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Time to seek alternative financing for news media?

While it is assumed that proliferation of media outlets only ensures plurality of opinions, little thought was given to the quality of financial resources for media outlets until recently
Shamim A. Zahedy
Time to seek alternative financing for news media?

When the news media industry in Bangladesh as elsewhere in the world is already in a tailspin in the face of falling advertisement revenue, the ongoing Covid-19 pandemic is just rubbing salt into the wound.

The pandemic-induced lockdowns across the countries have shuttered businesses and halted physical movements of people, sparking off economic loss for every sector, not just the news media business.

As life of every person and business is changing in the post-virus era which will certainly be a ‘new normal’ for the world, the news media must now strive for the new way of primary investment, besides a new business model for steady revenue generation and a new way of work to cut operation costs.

Cutting down the operation costs has always been a continuous process for any business. But people’s new experience of work from home and extensive use of technologies will definitely change the newsroom operations, at least in the coming days.


The reason to find alternative finances is a simple one: in a global economic recession, services sector will become the first casualty.

Amid falling investment or rather quality investment in mainstream news media, the Fourth Estate is set to see further slump in funding from traditional sources as the life in the post-virus era will not be the same again, at least for these sources.

The source of funding always sets the tone of the media which is supposed to be the voice of everyone. While it is assumed that proliferation of media outlets only ensures plurality of opinions, little thought was given to the quality of financial resources deployed for media outlets until recently.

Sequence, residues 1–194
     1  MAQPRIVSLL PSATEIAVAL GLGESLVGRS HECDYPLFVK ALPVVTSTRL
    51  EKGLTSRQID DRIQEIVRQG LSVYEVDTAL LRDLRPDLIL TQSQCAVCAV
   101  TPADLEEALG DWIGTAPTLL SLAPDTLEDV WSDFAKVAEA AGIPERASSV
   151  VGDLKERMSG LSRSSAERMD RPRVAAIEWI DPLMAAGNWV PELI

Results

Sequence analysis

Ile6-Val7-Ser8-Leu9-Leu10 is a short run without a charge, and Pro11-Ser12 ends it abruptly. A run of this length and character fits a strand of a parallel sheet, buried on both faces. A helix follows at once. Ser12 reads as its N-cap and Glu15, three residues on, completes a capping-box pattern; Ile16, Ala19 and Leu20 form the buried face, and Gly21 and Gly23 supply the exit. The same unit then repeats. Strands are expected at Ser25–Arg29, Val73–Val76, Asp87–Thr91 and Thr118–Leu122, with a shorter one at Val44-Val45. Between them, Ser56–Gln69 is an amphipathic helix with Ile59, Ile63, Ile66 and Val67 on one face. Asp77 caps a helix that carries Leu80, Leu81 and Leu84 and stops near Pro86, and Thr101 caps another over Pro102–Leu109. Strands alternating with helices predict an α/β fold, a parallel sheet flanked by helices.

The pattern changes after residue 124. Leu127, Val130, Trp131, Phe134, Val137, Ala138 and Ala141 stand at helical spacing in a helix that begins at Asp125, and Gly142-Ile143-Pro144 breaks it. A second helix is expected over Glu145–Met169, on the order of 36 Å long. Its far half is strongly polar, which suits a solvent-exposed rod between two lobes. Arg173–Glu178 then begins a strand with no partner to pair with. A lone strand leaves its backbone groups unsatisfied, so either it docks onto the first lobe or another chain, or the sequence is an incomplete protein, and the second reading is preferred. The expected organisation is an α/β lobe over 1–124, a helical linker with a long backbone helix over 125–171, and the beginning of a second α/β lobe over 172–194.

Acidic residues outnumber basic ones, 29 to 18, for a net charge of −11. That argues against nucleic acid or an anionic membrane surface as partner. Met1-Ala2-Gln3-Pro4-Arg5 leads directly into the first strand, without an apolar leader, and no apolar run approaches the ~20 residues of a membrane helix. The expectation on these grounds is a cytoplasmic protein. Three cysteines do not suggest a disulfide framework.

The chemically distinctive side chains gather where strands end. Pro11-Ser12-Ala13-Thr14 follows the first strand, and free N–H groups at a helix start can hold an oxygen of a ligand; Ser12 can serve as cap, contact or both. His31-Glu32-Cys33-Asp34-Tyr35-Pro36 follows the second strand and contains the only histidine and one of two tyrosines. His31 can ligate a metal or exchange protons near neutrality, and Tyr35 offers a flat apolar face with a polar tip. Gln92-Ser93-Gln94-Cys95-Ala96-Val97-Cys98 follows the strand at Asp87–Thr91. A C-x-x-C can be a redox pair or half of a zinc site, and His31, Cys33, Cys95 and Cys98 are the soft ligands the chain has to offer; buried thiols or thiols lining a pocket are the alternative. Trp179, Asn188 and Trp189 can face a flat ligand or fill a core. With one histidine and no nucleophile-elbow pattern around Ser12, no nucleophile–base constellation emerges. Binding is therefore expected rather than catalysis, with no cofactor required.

In the local perspective, perhaps with a similar experience in other parts of the world, ‘wealthy persons’ used to invest on the press. The Rangpur Bartabaha, the first newspaper printed in 1847 in the geographical territory now known as Bangladesh, was published with the financial support from a zamindar, or land lord, in the northern district of Rangpur. Gurucharan Sharma Roy was the first editor of the paper.

What was the political and social alignment of the newspapers of early days in Bangladesh? Banglapedia aptly describes no newspapers are neutral and the nineteenth-century newspapers published from East Bengal, now Bangladesh, were no exception.

The weekly English language Dhaka News (first published in 1856) supported the indigo planters while the weekly Bangla language Dhaka Prakash (first published in 1861) initially supported the Brahma Society, a sect founded by Hindu reformer Rammohun Roy (1772-1833) in August 1828. But later the paper tilted towards conservative Hindus.

The Bangabandhu (1873 circa) was the mouthpiece of the Brahma Society while the Gramabarta Prakashika (1863) was against the zamindars and indigo planters and wrote against their repression. The Bengal Times (1871) was supporter of the British rulers.

The same funding model for newspapers or other news media outlets does exist in 2020s. The ‘wealthy persons’ have just been replaced by corporate or business conglomerates as financiers of the news media.    

Apart from political lines, the commercial interests of financiers dominate the news treatment by the newsrooms.

Imagine, an eatery is fined by competent authorities such as a mobile court for selling adulterated foodstuff, but that is not news for ‘The Daily AAA’ or ‘111 Television’ or ‘Radio +++’ only because a mother corporate house owns both media outlets and the eatery. However, the same incident of the eatery that is fined is ‘big’ news for ‘The Daily BBB’ or ‘222 Television’ or ‘Radio ---’, which are owned by a rival conglomerate.      `